Tech Giants Lose $162 Billion in Market Rout
Five of the biggest corporations in the world each lost more than 3% of their value on Monday, August 5. The stock correction wiped out $162 billion in total shareholder value of Microsoft, Apple, Facebook, Amazon and Alphabet.
The rout began on Friday, August 2, after President Donald Trump announced that the United States may impose a 10% tariff on Chinese imports. This signaled that the resolution of the trade war between two of the world’s largest economies is nowhere in sight, sending the stock market into the worst-performing day of the year. The big-five tech companies lost a combined $66 billion in market cap just on Friday and plunged a further $162 billion on Monday as China halted imports of US agricultural goods while devaluing its currency, the yuan.
The two-day drop amounted to a total of $228 billion, with Apple being hit the hardest - its value declined by 5.2%. The Silicon Valley tech giant’s reliance on China’s manufacturing for its products is the main reason for this massive drop, as other companies on the big-five list have almost no presence in that country.
That is exactly why Apple asked for waivers on some parts of the Mac Pro ahead of the latest tariffs, including the power supply unit, stainless-steel enclosure, circuit boards, mice, and trackpads. President Trump signaled that he would refuse this request in a July 26 tweet: “Apple will not be given Tariff waiver, or relief, for Mac Pro parts that are made in China. Make them in the USA, no Tariffs!”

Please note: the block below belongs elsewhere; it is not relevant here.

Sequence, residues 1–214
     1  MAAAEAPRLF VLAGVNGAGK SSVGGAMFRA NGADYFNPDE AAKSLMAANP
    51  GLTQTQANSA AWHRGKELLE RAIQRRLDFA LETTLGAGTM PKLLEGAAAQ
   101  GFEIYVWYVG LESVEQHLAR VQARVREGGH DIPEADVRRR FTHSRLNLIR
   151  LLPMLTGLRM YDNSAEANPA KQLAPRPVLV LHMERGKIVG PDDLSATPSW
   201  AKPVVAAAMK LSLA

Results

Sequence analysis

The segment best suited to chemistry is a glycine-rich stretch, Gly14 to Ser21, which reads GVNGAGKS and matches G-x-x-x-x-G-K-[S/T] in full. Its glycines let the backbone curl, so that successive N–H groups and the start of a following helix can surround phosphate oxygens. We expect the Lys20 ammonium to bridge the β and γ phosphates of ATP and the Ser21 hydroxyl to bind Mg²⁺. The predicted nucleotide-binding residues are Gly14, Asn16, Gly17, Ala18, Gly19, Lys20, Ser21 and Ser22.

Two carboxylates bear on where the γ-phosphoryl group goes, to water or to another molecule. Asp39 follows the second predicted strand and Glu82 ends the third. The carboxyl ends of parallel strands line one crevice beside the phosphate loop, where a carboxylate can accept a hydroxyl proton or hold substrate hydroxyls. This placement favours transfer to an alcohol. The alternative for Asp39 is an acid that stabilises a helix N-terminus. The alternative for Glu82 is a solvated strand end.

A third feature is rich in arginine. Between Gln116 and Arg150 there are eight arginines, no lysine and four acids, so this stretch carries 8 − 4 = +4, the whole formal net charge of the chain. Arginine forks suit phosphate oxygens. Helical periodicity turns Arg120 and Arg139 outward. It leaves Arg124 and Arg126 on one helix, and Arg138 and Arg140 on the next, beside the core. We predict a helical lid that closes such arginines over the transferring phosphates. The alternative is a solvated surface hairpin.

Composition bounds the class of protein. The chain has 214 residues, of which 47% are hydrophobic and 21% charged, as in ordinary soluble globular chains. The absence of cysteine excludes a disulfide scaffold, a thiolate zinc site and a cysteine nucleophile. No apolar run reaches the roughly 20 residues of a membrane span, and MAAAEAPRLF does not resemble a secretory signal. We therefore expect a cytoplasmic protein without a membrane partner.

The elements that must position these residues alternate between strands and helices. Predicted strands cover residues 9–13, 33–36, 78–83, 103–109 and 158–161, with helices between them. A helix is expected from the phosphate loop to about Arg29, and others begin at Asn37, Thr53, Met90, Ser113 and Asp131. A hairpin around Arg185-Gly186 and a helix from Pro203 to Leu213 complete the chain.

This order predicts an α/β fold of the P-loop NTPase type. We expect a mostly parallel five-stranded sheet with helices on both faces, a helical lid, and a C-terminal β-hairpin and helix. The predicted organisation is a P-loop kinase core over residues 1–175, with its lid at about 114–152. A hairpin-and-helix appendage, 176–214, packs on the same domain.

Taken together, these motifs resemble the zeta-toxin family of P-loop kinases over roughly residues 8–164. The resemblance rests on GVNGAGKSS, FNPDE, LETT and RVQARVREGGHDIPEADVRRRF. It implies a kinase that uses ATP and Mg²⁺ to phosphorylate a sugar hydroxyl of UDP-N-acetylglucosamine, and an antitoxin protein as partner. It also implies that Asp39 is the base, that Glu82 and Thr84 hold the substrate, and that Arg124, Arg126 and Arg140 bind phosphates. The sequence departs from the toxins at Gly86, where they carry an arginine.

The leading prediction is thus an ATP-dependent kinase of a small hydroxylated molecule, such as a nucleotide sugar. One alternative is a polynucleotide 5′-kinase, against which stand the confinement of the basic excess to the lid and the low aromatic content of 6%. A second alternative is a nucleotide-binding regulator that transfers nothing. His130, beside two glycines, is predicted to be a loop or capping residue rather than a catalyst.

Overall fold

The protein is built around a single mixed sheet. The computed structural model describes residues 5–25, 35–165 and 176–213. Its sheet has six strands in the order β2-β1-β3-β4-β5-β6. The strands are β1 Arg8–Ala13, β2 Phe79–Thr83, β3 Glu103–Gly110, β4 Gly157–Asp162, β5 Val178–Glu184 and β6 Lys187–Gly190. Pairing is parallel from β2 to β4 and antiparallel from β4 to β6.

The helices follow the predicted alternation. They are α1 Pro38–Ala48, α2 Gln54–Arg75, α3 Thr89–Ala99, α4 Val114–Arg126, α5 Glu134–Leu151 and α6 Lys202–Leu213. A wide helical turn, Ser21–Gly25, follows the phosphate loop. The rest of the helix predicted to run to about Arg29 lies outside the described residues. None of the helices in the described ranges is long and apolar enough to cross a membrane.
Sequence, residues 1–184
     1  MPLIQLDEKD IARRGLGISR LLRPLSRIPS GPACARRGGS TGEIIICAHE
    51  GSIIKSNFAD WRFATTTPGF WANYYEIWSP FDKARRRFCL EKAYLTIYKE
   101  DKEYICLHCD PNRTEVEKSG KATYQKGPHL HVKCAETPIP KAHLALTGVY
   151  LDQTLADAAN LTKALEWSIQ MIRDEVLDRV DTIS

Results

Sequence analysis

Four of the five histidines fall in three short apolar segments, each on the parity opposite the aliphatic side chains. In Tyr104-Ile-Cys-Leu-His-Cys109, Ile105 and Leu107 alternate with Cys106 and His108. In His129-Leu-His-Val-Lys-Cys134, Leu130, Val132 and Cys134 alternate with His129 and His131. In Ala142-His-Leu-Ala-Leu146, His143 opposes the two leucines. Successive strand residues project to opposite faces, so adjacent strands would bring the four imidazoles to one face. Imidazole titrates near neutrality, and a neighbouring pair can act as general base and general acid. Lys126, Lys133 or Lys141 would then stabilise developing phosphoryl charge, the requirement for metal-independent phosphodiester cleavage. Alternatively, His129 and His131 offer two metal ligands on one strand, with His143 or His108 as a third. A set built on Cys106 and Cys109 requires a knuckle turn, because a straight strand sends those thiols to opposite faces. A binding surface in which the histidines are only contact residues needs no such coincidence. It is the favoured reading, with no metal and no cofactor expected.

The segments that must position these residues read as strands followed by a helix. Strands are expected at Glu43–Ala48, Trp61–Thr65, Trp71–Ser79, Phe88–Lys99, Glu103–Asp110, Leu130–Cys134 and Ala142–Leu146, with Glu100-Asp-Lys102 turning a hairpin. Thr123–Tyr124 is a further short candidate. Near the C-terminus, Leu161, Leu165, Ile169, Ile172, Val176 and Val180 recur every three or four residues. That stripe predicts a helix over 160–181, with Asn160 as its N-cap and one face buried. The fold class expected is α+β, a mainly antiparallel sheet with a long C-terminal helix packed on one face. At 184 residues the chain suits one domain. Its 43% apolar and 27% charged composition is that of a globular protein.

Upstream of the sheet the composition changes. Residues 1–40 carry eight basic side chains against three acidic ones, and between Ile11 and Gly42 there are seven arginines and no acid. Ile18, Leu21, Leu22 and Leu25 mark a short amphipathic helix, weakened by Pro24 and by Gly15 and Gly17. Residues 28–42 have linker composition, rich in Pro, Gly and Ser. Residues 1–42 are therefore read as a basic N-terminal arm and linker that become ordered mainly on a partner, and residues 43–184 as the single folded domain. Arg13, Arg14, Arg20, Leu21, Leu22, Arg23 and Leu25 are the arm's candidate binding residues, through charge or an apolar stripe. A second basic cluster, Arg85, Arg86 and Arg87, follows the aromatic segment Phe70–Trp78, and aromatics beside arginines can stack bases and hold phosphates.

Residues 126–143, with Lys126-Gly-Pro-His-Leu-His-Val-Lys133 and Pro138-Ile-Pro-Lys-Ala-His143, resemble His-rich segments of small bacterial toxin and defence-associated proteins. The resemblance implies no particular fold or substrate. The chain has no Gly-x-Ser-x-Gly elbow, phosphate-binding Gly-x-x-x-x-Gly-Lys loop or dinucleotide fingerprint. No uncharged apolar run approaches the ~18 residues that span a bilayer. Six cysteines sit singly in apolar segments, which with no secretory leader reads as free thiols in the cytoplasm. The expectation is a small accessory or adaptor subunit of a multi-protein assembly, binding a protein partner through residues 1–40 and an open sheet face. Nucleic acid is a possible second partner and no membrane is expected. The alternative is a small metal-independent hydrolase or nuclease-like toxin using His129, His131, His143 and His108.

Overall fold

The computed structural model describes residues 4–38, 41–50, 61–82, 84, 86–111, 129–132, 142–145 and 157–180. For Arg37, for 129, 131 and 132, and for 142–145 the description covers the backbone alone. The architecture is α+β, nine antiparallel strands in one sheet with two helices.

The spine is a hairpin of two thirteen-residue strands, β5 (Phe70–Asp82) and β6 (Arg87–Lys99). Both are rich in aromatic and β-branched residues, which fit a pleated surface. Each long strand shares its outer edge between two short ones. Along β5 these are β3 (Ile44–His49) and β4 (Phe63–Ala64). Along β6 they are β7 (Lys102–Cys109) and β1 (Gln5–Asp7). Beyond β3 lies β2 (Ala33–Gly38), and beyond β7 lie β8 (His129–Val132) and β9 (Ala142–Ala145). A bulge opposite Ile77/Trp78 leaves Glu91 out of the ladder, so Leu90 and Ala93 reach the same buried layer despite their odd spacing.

Apple had previously managed to avoid the tariffs on devices like Apple Watch and AirPods, but since it recently moved the production of the Mac Pro from the United States into China, it certainly isn’t in the Trump administration’s good graces. Other companies suffered less, but all have faced significant losses in a year when all except Alphabet have performed well.
Some investors fear that the trade war may not be the only reason for the recent stock drops. They worry that the tech sector as a whole is overvalued. Goldman Sachs warned in June that it was time to write off high-growth tech stocks, as the mix of overvaluation and increased talks of regulation were becoming too hazardous.
“Rising market concentration and the political landscape suggest that regulatory risk will persist and could eventually weigh on company fundamentals,” said David Kostin, Goldman’s chief US equity strategist. “The valuation premium for growth is elevated today relative to history. Software in particular now carries the highest multiples since the Tech Bubble.”
I have always thought of myself as a writer, but I began my career as a data operator with a large fintech firm. This position proved invaluable for learning how banks and other financial institutions operate. Daily correspondence with banking experts gave me insight into the systems and policies that power the economy. When I got the chance to translate my experience into words, I gladly joined the smart, enthusiastic Fortunly team.